Heating and Cooling Solutions


Dear Comfort Advisor,

Spring is upon us as the crocus and daffodils are starting to emerge. This change in the season will trigger my allergies. Are there any solutions?

Dear Clean Air Connie,

The awaking from the winter slumber for many plants comes quickly, especially in our northern climates where the growing season is short. Both naturally occurring and cultivated plants are doing their best to spread pollen to every square inch of our planet, including in your home. It is amazing to me how some folks are not remotely affected by this and for others it is a constant battle. The American Lung Association has some tips to reduce pollen in the home such as showering and washing your clothes if you have been outside for any extended amount of time, keeping your home closed up to reduce air changes, and running your furnace fan a half hour prior to being inside to trap the pollen in your filter.

As much as it is unrealistic to live in sterile environment, our lungs are happier if we can reduce the levels of airborne particulate we breathe, including pollen. The air in your home is not all “air.” It has all kinds of small particles floating around like pollen, dust, and dander. There are also micro-organisms such as mold spores and fungi that are looking for moisture and a dark place to set up house in. Volatile organic compounds (VOCs) are present and usually noticeable because some sort of odor is associated with them. And don’t let the lovely smells of candles and room fresheners fool you, they are usually just masking another problem and add VOCs themselves. Many products in our homes contain chemicals that can “off gas” and negatively impact indoor air quality. Cleaning supplies, solvents, pet odors, and cooking smells fall under the category of VOCs (so do my son’s athletic socks, talk about volatile!).

If you have a duct system, providing effective filtration would be a first step. Effective filtration is generally not the standard 1’’ furnace filter. These are only designed to protect the inner workings of the furnace, not the occupants of the home. There is a multitude of filtration and purification products available. When exploring these options you need to realize you are making an investment in your health. Some of these products can run $300-400 and a truly comprehensive system including deep pleated filters and ultraviolet lights can be well over $1,000 and have annual maintenance costs. This may sound like a substantial investment, but when compared to the cost of medications, are worth the investment without several paragraphs of small print side effects. If you have airborne allergies and are not addressing your in-home filtration, you are missing a very important component in supporting good health.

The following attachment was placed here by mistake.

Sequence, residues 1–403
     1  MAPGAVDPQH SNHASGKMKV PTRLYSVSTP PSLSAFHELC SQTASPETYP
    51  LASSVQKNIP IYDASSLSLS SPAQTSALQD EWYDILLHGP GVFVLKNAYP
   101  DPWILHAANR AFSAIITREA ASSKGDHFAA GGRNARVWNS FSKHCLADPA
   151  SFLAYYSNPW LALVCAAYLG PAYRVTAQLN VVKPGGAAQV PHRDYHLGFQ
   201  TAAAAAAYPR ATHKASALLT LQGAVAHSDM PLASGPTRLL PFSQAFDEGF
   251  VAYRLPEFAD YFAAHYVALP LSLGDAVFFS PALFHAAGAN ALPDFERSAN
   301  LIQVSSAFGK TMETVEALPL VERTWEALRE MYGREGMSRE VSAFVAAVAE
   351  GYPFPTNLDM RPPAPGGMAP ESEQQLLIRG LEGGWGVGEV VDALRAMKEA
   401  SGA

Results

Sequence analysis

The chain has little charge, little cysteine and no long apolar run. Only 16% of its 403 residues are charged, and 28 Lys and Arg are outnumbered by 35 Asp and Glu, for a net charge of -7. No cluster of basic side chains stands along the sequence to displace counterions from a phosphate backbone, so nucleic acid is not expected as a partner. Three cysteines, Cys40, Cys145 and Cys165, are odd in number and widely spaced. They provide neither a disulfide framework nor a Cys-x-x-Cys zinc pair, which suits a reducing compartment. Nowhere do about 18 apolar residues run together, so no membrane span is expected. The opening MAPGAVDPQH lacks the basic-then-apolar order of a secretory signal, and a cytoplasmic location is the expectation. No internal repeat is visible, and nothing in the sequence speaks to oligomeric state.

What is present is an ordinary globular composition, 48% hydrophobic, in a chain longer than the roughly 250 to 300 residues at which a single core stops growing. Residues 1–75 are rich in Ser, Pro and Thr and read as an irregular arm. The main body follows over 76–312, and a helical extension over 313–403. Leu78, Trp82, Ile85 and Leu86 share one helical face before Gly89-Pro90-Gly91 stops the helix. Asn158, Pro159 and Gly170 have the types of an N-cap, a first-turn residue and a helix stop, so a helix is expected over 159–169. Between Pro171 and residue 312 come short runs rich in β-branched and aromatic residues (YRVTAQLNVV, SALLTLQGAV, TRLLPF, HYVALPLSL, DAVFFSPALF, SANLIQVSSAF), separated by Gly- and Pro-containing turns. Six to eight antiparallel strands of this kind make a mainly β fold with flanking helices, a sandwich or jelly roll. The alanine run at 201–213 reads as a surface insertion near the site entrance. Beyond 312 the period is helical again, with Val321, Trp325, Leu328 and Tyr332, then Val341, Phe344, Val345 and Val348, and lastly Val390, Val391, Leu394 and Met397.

We have been called out many times to analyze indoor air quality of homes and businesses. We use the “Air Advice” analyzer for this purpose. It is a small data collecting cube that samples airborne particulate, carbon monoxide, volatile organic compounds, temperature, and humidity. It stores up to 7 days of information and downloads the information via the internet to create a comprehensive report. Problem areas and solutions are noted in the report specific to your home/office. They range from improving filtration, increasing ventilation, adding UV treatments, or adding a humidifier. If you don’t test, you simply don’t know what is going on. Give me a call if you want more details on what can be done to improve the air in your home.

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